CSS AI: Declared Intelligence


Can a game tree be stored in CSS and used to drive a computer AI? Spoiler: yes.

Updated: Check the follow up article which describes how to make the code more DRY.

On the heels of the CSS Counter, I wanted to abuse CSS more.

About two years ago, someone put together a neat JS Fiddle showing CSS as Turing Complete. Someone else put together a version of Tic Tac Toe that uses CSS to compute the winner between two human players.

These are awesome ways to abuse this much maligned web language.

AI in Pure CSS

Here's the demo: A beer drinking game powered only by CSS

But what if you also wanted to encode the opponent with CSS? What types of games could you actually write an artificial intelligence that can play against someone? Here are the rules that I came up with. They may be overly binding, but I think they are sensible:

Way to Encode Computer Moves

Now comes the most vague portion of these standards. In order to write a two player game in CSS, the following needs to be possible:


The opponent must be deterministic. Without a randomizer function in CSS, the game must be played according to strict rules that don't take chance into consideration. Kind of like Newtonian physics.

Unfortunately, although many great games are deterministic (Braid, Myst, Mario, Cut the Rope, Angry Birds), very few good AIs are. The problem with deterministic AIs is that they are either perfect or they have flaws, sometimes intentional, which allow the user a path to win. In the latter case, once the user has found a hole in the AIs gameplay, they can win each time.

Near-perfect Human Play

The former case—the computer playing perfectly—is more interesting. Some games build up large databases in order to be able to perform flawlessly during endgame play. Some of the best boardgame programs use this technique in order to play against the best humans. A notable example is Chinook, a checkers program. Chinook had a massive endgame database, so that the game could play deterministically through any position with 9 or fewer pieces on the board.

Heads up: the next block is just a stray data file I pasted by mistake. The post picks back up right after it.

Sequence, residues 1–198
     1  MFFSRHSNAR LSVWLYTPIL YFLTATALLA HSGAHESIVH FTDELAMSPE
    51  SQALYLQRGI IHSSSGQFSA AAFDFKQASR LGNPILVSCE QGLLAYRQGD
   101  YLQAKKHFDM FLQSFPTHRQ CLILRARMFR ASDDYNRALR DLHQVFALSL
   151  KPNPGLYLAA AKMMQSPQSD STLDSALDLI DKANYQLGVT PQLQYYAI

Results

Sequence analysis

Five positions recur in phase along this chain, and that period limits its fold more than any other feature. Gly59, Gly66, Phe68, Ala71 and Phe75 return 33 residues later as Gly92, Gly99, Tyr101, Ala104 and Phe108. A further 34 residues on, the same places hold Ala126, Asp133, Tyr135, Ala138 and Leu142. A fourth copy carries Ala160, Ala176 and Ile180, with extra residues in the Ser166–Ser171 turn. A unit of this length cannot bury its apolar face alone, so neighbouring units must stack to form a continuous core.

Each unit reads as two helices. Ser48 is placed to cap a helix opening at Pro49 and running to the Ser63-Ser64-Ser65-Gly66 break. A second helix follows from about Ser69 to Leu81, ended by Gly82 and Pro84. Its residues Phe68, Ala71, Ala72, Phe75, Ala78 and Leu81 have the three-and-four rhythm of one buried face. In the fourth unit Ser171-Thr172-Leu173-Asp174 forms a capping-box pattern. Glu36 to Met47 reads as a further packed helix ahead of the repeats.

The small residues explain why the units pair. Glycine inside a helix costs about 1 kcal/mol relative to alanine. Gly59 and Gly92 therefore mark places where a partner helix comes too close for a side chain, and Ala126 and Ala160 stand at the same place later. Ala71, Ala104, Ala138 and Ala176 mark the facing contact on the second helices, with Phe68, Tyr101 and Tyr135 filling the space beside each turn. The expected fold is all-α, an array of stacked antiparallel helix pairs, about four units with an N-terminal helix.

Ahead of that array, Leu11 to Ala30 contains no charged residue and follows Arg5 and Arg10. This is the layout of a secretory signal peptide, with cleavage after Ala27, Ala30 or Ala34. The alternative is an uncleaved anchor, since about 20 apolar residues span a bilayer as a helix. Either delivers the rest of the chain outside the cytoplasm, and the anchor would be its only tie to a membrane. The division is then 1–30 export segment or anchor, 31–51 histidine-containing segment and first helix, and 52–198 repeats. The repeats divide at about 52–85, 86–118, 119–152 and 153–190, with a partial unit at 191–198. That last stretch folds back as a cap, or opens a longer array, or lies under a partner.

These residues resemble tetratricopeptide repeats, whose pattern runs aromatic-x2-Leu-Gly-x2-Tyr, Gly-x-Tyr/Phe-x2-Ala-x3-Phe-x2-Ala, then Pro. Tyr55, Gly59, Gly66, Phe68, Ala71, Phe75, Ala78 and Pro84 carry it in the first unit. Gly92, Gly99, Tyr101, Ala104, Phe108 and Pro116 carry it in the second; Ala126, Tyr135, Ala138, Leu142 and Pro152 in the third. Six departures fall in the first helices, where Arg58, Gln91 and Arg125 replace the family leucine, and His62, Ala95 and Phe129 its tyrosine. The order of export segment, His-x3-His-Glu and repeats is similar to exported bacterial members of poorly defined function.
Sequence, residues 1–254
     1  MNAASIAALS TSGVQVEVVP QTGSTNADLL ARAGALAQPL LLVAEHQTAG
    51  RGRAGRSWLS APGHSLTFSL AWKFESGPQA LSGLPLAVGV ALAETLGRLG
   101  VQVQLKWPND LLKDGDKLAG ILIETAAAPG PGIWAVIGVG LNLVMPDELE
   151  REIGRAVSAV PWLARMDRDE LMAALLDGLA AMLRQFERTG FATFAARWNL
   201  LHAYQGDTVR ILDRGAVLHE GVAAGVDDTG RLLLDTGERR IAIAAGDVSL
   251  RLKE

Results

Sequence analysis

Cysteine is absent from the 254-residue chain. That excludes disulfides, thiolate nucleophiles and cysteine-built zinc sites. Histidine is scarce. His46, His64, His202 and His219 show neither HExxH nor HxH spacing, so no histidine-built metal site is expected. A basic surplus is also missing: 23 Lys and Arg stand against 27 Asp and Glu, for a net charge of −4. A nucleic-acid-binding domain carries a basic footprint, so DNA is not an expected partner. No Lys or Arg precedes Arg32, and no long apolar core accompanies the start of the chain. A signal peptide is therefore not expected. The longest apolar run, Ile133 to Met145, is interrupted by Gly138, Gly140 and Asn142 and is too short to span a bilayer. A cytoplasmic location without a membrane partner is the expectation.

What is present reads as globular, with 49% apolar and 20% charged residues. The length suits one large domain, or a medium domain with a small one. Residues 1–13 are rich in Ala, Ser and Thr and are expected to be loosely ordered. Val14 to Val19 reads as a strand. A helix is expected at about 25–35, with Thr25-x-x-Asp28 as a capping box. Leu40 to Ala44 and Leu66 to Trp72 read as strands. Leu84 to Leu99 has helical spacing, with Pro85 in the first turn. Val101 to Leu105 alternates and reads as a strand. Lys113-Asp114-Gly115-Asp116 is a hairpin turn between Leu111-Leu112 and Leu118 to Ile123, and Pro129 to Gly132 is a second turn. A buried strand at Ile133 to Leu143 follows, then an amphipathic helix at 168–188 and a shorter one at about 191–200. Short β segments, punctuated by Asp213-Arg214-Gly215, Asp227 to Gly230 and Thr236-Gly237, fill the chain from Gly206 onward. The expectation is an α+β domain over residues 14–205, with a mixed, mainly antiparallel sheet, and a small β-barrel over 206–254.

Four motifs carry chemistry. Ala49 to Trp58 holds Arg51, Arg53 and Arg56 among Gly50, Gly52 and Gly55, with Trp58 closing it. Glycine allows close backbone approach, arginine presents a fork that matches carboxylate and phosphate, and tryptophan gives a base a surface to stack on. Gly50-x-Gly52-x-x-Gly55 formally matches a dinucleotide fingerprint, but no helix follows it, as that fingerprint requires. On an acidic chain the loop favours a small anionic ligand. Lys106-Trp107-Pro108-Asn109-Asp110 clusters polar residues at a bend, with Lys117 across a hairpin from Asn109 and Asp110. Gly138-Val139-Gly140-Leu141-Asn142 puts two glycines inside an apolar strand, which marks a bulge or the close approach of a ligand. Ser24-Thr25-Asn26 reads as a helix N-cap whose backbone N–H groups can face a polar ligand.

A feasible game where determinism could be used is Tic Tac Toe, where nearly everyone can play perfect games after some thought and learning some strategy.

However, due to the nature of CSS, each possibility must be encoded into the stylesheet. This means coding each board layout, without taking symmetries into account. This is practically unfeasible, even for a game as simple as Tic Tac Toe.

For the beer game, there are some advantages when compared to a game like Tic Tac Toe. First of all, each number is reached only once, and the decision where to go from that number is straightforward. The next number can be chosen with only one data point (i.e. the current number) and without regard to previous moves.

Small(ish) Space

Critically, due to the requirement that each move must be encoded in CSS, relatively small spaces are required. Although I think a CSS Tic Tac Toe program could be possible, games like Connect Four, Checkers, and Chess, are straight out. Checkers alone would require multiple petabytes of storage to hold the entire game database in CSS form. Certainly, a modern browser would crash long before parsing this file.

However, philosophically, one could imagine the feasibility of a truly massive computer, many times the size of the universe, computing all the states of Go or Chess with absolute precision. These games are within the theoretical possibilities of a declarative language like CSS.

Programmers who peek at the source code for the beer game will cringe at the repitition in the code. And this is for a simple game! This is not DRY by any stretch of the acronym.

Is it AI?

I've been calling this CSS program AI. Is it? Certainly, CSS AI requires that all the knowledge be hard-coded. There's no provision for it to learn and get better based on prior games. I would hesitate to call this type of program artificially intelligent, since it lacks some of the magic the term seems to engender.

But at the same time, for something as raw as CSS, this level of complexity almost deserves to be called AI. The program is receiving input, looking up what to do with it, and placing output on the screen. Unfortunately, that's precisely what most programs do, and most programs aren't arguably artificially intelligent.